EU negotiators secured an agreement with member states on the Commission’s original proposal to reach zero-emission road mobility by 2035 (an EU fleet-wide target to reduce the CO2 emissions produced by new passenger cars and light commercial vehicles by 100% compared to 2021). It is the first deal of the “Fit for 55” package and a clear signal ahead of the UN COP27 Climate Change Conference that the EU is serious about adopting concrete laws to reach the more ambitious targets set out in the EU Climate Law.

Assessing life-cycle emissions and progress towards zero-emission road mobility

Parliament succeeded in introducing methodology for the assessment and data reporting of full life-cycle CO2 emissions of cars and vans sold on the EU market. The Commission will present this methodology by 2025, accompanied by legislative proposals where appropriate.

The Commission will also publish a report by the end of 2025, and every two years thereafter, to evaluate progress towards zero-emission road mobility. The report will cover the impact on consumers and employment, the progress in energy efficiency and affordability of zero- and low- emission vehicles as well as information on the market for second-hand vehicles.

Aligning emission limit values with real-world emissions

The Commission will monitor and report annually the gap between the emission limit values and the real-world fuel and energy consumption data, with the aim to adjust the manufacturer’s average specific emissions of CO2 as of 2030.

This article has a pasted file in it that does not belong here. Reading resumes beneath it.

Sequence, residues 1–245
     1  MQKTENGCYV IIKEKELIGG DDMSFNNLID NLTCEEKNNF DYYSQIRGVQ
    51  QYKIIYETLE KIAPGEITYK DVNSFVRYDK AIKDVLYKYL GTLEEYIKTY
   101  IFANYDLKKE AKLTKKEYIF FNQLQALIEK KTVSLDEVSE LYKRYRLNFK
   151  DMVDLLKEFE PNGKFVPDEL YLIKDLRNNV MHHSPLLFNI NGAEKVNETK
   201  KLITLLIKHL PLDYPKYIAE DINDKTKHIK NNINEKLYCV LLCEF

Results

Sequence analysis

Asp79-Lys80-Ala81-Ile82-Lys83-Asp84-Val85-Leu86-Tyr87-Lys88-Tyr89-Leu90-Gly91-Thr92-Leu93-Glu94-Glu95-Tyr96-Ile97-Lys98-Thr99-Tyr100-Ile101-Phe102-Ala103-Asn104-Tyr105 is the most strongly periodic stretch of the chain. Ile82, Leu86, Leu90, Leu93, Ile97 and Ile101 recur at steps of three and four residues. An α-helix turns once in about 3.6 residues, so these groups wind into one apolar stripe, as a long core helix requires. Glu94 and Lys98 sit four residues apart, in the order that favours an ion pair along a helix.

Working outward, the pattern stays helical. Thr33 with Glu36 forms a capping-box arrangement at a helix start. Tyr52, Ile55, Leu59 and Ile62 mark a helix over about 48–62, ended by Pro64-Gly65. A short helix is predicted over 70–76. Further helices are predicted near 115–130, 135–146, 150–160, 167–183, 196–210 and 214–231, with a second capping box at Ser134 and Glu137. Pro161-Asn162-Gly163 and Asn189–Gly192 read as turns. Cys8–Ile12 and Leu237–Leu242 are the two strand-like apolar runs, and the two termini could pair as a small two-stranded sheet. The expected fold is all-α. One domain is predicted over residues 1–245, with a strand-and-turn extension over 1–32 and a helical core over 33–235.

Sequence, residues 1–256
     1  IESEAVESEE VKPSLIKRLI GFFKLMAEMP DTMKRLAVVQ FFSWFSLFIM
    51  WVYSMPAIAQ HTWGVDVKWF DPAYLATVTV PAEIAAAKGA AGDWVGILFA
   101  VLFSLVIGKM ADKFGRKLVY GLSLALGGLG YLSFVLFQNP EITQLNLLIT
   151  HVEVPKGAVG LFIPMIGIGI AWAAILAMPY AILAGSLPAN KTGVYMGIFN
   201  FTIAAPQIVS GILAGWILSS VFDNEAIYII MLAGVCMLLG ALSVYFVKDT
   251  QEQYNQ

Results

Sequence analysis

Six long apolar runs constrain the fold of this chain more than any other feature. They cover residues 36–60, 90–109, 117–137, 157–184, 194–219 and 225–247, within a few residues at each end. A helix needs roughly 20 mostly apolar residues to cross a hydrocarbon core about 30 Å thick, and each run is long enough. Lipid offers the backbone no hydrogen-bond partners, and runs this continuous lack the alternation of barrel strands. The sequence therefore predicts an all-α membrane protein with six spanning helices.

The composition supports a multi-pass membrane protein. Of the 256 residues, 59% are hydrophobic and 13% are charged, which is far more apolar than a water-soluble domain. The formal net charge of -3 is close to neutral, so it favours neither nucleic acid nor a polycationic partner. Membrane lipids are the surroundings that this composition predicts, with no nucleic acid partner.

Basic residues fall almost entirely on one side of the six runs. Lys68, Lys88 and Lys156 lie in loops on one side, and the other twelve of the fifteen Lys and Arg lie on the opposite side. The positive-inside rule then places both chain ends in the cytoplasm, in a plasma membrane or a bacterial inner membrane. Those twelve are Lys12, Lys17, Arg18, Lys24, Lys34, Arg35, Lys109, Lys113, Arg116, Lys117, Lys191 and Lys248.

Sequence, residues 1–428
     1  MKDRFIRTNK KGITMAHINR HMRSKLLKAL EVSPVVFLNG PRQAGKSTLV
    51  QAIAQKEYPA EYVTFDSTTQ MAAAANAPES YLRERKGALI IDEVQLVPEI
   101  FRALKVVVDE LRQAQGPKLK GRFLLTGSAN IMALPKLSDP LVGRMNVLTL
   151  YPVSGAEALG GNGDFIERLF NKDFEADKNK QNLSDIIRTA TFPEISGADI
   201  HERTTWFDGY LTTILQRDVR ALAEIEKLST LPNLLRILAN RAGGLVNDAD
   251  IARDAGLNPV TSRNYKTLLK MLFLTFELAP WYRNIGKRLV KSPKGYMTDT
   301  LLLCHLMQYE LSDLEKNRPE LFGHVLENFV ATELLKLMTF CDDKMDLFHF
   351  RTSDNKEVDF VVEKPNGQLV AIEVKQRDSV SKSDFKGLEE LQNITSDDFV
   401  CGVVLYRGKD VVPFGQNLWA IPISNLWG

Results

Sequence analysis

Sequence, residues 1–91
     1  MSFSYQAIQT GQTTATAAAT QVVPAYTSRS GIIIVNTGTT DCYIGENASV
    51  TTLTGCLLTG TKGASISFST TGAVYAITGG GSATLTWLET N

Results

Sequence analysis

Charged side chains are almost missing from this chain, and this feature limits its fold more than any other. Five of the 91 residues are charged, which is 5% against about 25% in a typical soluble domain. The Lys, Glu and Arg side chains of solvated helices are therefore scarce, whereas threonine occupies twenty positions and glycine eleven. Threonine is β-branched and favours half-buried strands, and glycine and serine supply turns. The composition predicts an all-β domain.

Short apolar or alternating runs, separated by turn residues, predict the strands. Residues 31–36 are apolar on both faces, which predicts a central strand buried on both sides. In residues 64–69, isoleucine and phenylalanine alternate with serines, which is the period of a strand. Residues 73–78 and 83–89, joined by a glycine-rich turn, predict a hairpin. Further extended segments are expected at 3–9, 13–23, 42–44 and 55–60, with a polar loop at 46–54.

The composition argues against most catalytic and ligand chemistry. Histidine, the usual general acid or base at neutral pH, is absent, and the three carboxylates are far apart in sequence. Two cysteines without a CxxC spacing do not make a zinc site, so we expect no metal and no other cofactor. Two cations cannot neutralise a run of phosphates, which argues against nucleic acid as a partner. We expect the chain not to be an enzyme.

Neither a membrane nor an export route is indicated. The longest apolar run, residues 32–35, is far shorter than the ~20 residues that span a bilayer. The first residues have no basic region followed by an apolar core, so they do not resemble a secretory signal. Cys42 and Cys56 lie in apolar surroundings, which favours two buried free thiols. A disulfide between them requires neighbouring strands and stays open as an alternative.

Funding to ensure a just transition in the automotive sector

Under the deal, existing EU funding should be channelled to transitioning to zero-emission vehicles and related technologies, and especially towards SMEs along the automotive supply chain and vulnerable regions and communities.

Other measures foreseen by the regulation:

  • The incentive mechanism for zero- and low-emission vehicles (‘ZLEV’) is revised with a higher benchmark in order to ensure that it is aligned with the current sales trends and brings affordable zero-emissions cars on the EU market;
  • Manufacturers responsible for small production volumes in a calendar year (1,000 to 10,000 new cars or 1,000 to 22,000 new vans) may be granted a derogation until the end of 2035 (those responsible for less than 1,000 new vehicle registrations per year continue to be exempt);
  • Existing rules for labelling of fuel economy and CO2 emissions for cars should be reviewed by the end of 2024.

Next steps

Parliament and Council will have to formally approve the agreement before it can come into force.